UK Veg Gardeners

'hungry gap' tips and queries


'hungry gap' tips and queries

Share sowing dates and info across the UK (and the World?) for harvesting in difficult times of the year.

Location: North Norfolk
Members: 15
Latest Activity: Mar 2, 2014

Drying beans are one of the easiest and most rewarding crop to grow and keep till the 'hungry gap' to use in salads, stews etc. I plant mine at the beginning of May under cover in pots or root trainers and plant out towards the end of May. We seldom get a frost here this late - if anything the spring is getting warmer earlier (in general) though this year it was late.

Discussion Forum

Winter salads and leaves

Started by Emma Drew. Last reply by Trish le Gal Sep 6, 2010. 1 Reply

Any tips for 'hungry gap' salads that can be grown in pots? I've got a balcony in London - the least useful place to grow salad, but at least it's sheltered, we don't get frosts and altho I'd far…Continue

When do you plant your drying beans?

Started by Trish le Gal Aug 19, 2010. 0 Replies

I'm trying to get some idea of how long people have to wait to put their beans out from Scotland to Cornwall.... add yours.Continue

Comment Wall

Comment by VP on September 1, 2010 at 10:14
I don't know if you've spotted my general Discussion on growing Perennial Broccoli, but my research shows it's also a useful 'Hungry Gap' crop. Has anyone in this Group tried it? There's 3 of us over at my discussion keen to find out more about it and to have a go!
Comment by Trish le Gal on September 1, 2010 at 15:48
Nope. Don't know anything about perenial broccoli - it's a gap in my universe. I do know that I was a bit late one year putting some purple sprouting in and it cropped a year after I anticipated it might, if you see what I mean... I've been too worried about clubroot to leave brassicas in the soil for too long. Saying that, my seakale is in a permanent bed....
Comment by VP on September 1, 2010 at 17:40
Luckily I have a limey soil so don't have to worry about clubroot that much. I'm going to give this one a go next year
Comment by Trish le Gal on September 2, 2010 at 16:52
When will you set the seed?
Comment by Jan Willetts on October 19, 2010 at 0:28
I love the beans in the picture but don't recognise them. they look like the ying-yang symbols-what are they?
Comment by Trish le Gal on October 19, 2010 at 13:27
Thanks Jan - they are (surprisingly?) known as Yin Yang beans - dwarf in habit and mostly grown for drying. Sometimes thay are known as Orca - I got them originally from the HSL (Heriatge Seed Library) but I notice they are making their way back into the seed catalogues. We love the tomatillo recipe too and plan to have some tonight as it happens with Mexican refried beans and all the trimmings. Can't wait. Thanks for your gift!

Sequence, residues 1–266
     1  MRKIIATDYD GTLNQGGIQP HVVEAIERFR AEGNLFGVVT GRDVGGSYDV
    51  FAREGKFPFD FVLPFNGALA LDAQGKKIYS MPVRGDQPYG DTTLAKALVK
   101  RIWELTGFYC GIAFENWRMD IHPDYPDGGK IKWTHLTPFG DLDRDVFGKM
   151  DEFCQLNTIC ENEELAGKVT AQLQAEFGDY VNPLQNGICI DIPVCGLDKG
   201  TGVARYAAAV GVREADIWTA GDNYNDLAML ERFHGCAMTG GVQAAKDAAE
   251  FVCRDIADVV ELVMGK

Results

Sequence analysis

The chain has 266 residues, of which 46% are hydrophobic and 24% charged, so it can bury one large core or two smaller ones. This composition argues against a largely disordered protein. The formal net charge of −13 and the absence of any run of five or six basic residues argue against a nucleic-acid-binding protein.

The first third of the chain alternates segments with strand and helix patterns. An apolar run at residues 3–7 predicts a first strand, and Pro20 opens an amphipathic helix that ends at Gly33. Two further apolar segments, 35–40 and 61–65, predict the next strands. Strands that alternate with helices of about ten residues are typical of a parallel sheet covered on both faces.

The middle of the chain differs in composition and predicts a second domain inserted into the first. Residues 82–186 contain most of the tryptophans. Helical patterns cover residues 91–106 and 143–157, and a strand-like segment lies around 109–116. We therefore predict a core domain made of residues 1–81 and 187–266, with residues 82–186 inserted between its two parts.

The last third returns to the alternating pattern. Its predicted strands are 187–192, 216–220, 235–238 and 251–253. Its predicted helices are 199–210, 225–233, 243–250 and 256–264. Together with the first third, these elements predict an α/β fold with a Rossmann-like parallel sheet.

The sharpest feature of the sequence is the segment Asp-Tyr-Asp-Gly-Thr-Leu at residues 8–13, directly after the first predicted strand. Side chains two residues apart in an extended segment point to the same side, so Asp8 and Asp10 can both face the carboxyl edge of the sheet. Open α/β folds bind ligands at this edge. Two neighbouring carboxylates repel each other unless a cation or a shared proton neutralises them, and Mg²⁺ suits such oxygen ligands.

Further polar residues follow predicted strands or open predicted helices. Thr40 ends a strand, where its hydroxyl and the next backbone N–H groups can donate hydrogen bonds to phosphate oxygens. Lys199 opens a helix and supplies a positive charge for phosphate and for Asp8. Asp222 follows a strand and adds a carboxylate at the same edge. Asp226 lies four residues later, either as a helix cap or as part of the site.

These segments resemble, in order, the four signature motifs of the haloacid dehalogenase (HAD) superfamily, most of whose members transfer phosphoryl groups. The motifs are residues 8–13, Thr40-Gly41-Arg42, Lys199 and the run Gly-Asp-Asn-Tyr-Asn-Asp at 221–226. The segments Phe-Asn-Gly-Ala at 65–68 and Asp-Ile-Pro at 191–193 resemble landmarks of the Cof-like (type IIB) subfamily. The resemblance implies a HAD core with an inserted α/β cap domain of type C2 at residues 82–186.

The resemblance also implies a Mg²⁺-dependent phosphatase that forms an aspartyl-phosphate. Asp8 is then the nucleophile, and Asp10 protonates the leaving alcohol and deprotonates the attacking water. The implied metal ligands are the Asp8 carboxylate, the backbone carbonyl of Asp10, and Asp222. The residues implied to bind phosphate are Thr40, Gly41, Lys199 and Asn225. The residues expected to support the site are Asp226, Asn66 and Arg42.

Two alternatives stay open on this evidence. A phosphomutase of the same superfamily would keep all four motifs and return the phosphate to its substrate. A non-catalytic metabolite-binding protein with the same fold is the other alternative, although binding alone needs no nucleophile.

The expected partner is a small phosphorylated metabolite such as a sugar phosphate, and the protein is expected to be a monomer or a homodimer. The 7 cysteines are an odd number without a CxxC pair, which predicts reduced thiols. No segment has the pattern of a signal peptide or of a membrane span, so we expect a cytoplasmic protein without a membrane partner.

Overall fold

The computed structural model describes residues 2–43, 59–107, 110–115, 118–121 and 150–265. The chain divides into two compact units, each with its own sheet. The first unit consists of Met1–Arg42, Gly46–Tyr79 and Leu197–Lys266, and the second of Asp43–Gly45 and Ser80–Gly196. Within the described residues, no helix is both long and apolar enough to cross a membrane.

Comment by Jan Willetts on October 19, 2010 at 15:21
Will keep an eye open for these! Will be trying borlotti beans for the first time next year, plan to sow them in pots in the greenhouse with a view to planting out in May. Some beans like lots of enriched soil , but some don't-any tips?
Comment by Trish le Gal on October 19, 2010 at 16:53
I find most beans like a substantial soil and plant after potatoes that have been mucked fairly heavily - but I garden on soil that drifts back to sand at the drop of a trowel... I tried borlotti beans 3 or 4 years back and was disappointed with the yield (my allotment neighbour does them and gets a good crop!), so now I plant Bosnian climbing french bean which yields, for me, quite heavily. They look and taste like a borlotti so I've carried on with those while continuing to experiment.
Comment by Debi Williamson on January 28, 2011 at 19:50
I'm trying the borlotti beans this year, which Im looking forward to trying, the idea of being to dry beans to keep us going over winter has always interested me, though not sure if I could actually grow enough!  We also trying some yin yang beans too we got them from Marshalls.  I putting in new raised beds so hopefully they will take well fingers crossed!
Comment by Blicky on January 28, 2011 at 19:51

VP commented on club root

If you do have a problem with club root you can either, plant your Brassica's on Dolomite or garden lime, or the best thing and highly recommended and will cure your club root problem for sure is Purkla, put some of that in the bottom of the whole and not only will you not have a club root problem but a quality brassica

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